Since 2000, private equity firms with a bottom-performing buyout fund were just as likely as those with a top-performing fund to produce a subsequent top-performing fund.[23] Past performance, in other words, is not a reliable predictor of future success. Moreover, just as leverage can boost private equity returns, it can also exacerbate losses. A recent study of leveraged buyouts of public companies (i.e., private equity firms taking public companies private) found that one-fifth of the acquired companies went bankrupt—ten times the rate of similar companies that remained public.[24]


Measuring buyout-fund performance is complex, particularly given the unique risks associated with such assets:

  • Cash flows – Investors in private equity must deal with unpredictable cash flows. After committing capital to a buyout fund, investors have little-to-no control over the timing or rate at which that capital is invested in target companies or returns are distributed. Instead, investors must find other uses for their capital when the fund is not using it, but this can also mean better returns during the period when the capital is actually invested.
  • Illiquidity – Unlike public equities, investments in private equity are illiquid. An investor cannot simply sell assets or divest at will. Investment horizons can extend beyond ten years.
  • Leverage – Private-equity firms finance their deals with high debt-to-equity ratios, and in recent years buyout deals have not only increased in value, but also become considerably more leveraged. Leverage ultimately constrains an operating company’s ability to invest strategically in long-term projects and increases the risk of the investment. But it also distorts buyout fund performance relative to the public markets. An investor who had been willing to accept similar risk by investing borrowed money in an S&P index fund would have easily outperformed the buyout investor.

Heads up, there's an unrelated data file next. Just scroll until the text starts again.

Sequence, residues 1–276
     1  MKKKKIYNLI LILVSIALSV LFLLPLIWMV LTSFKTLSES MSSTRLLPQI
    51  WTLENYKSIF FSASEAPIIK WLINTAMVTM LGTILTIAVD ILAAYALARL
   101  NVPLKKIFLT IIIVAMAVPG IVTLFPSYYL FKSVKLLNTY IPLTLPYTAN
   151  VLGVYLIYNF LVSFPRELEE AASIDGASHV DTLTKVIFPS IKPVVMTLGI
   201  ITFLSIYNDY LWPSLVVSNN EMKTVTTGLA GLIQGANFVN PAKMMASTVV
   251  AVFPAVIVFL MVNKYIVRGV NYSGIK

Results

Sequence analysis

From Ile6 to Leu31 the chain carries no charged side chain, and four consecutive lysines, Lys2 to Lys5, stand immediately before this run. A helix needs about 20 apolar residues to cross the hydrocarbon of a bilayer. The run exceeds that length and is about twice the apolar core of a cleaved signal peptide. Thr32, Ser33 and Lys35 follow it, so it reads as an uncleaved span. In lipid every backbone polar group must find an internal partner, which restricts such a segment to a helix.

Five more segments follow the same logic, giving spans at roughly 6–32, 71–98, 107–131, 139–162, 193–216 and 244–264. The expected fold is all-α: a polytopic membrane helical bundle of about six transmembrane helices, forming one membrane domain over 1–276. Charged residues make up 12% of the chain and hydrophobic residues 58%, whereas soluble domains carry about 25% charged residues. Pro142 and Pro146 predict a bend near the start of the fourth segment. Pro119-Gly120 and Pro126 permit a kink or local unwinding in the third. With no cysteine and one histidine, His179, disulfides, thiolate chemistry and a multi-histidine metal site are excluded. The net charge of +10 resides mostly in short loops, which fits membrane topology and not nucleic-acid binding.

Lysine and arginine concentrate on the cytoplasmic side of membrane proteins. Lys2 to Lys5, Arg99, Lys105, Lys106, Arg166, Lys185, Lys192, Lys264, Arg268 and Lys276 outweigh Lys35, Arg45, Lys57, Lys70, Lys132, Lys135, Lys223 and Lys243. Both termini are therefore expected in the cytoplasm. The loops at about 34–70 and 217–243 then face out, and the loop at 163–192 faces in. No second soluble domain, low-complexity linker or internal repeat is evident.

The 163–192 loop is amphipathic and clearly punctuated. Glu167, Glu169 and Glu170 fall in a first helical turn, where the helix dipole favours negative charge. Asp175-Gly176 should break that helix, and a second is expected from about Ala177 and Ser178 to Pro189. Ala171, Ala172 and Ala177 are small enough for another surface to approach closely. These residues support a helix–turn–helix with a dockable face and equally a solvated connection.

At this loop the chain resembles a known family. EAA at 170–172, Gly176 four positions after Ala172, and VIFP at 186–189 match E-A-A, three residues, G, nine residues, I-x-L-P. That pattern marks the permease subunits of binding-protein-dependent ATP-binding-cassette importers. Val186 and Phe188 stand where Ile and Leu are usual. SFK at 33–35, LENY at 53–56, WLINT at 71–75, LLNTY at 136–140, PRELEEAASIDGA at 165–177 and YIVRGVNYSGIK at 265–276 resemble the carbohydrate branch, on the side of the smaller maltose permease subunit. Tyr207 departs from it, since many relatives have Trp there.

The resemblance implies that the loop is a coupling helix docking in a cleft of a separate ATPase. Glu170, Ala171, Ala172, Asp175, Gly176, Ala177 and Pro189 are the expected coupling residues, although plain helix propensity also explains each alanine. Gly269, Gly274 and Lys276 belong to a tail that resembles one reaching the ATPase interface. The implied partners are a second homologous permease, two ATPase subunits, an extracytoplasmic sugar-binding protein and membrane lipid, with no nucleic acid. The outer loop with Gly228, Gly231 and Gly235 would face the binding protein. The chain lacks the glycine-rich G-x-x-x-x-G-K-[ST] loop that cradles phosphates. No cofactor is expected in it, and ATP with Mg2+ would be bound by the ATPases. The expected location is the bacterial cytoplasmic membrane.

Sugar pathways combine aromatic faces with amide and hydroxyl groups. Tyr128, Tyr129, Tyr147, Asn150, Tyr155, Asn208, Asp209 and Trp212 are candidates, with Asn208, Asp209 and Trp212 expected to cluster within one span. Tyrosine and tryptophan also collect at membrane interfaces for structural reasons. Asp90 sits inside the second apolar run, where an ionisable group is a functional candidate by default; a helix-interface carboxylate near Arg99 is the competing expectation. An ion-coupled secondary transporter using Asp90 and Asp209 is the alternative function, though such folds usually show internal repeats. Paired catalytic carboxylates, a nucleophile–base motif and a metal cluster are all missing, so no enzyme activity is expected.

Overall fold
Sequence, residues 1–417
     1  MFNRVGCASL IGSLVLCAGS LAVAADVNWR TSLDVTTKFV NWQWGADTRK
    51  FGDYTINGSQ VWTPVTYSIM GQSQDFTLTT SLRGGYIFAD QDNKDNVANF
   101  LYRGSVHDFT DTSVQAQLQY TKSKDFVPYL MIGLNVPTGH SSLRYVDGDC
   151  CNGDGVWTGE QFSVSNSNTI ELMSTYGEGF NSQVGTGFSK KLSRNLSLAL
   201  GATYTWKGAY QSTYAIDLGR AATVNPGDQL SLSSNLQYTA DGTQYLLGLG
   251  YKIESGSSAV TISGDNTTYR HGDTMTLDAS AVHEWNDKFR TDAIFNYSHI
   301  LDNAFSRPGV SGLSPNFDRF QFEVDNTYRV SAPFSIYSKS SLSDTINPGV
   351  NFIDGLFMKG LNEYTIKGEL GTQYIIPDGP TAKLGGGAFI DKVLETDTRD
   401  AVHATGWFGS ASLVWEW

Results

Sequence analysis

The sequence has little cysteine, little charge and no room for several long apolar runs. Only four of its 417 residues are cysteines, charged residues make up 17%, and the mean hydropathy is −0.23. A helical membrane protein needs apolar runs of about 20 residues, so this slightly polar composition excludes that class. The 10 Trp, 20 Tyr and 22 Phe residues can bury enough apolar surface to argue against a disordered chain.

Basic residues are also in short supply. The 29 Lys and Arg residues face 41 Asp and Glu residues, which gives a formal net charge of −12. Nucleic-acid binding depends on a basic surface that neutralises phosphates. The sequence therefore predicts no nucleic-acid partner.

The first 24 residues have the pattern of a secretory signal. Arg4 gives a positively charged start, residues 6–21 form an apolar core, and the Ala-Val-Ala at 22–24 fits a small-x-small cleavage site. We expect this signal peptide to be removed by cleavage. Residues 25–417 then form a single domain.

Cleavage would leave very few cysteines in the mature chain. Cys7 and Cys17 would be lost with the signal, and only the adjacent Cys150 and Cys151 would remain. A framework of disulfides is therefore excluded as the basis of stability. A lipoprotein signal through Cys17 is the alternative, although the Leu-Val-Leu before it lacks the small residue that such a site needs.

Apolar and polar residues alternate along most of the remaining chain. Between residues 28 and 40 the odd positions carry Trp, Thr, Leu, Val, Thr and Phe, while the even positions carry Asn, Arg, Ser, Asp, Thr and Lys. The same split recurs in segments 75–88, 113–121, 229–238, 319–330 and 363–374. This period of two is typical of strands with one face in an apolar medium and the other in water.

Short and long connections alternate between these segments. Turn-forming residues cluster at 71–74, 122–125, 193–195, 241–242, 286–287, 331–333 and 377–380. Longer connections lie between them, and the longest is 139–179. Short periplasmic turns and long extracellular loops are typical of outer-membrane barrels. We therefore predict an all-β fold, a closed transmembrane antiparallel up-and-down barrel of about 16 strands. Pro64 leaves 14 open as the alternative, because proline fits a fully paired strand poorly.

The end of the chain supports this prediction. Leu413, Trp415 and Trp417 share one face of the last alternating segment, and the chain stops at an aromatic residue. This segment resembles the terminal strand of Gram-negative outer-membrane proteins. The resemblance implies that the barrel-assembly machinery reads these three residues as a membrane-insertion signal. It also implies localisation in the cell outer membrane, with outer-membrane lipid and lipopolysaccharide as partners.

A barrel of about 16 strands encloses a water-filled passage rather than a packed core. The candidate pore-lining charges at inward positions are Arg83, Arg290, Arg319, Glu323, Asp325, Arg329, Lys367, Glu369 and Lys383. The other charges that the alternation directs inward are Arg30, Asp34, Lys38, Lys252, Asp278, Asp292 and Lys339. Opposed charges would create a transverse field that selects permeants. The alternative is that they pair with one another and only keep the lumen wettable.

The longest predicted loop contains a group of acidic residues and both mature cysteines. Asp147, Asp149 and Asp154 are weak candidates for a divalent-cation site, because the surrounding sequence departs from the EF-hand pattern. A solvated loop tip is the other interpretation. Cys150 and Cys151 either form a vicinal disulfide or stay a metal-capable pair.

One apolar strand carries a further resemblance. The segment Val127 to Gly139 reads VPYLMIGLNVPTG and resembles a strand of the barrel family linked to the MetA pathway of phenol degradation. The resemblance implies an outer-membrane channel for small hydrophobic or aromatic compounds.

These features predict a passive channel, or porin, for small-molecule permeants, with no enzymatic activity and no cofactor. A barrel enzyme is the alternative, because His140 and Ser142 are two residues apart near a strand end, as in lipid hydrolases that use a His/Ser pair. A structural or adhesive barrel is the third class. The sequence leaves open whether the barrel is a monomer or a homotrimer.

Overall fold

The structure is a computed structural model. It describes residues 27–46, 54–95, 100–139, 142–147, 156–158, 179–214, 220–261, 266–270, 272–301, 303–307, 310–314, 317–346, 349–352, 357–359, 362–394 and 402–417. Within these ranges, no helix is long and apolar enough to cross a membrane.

• Valuation – Estimating the value of private equity assets is more art than science and the funds themselves have wide discretion, creating a so-called “mark-to-make-believe” problem for would-be buyout investors.[25] Some research suggests that firms often employ financial reporting and accounting methodologies designed to understate volatility, overstate diversification, and boost returns.[26] These methods create a “diversification illusion” to hide underlying volatilities.

These risks pose considerable trade-offs for which investors would typically demand a higher return as compared to the public markets. Some advisors and pension funds, for instance, discount private equity returns by 300 basis points when comparing them to public equities.[27] Bloomberg’s editorial board, reporting in 2018 on analysis by managers of the Abu Dhabi Investment Authority and Canadian Pension Plan Investment Board that sought to account for the risk of private-equity investments,[28] concluded that “private-equity investments of recent vintage have actually lagged public markets” and had in fact done so every year from 2006 to 2014.[29]

Bottom Line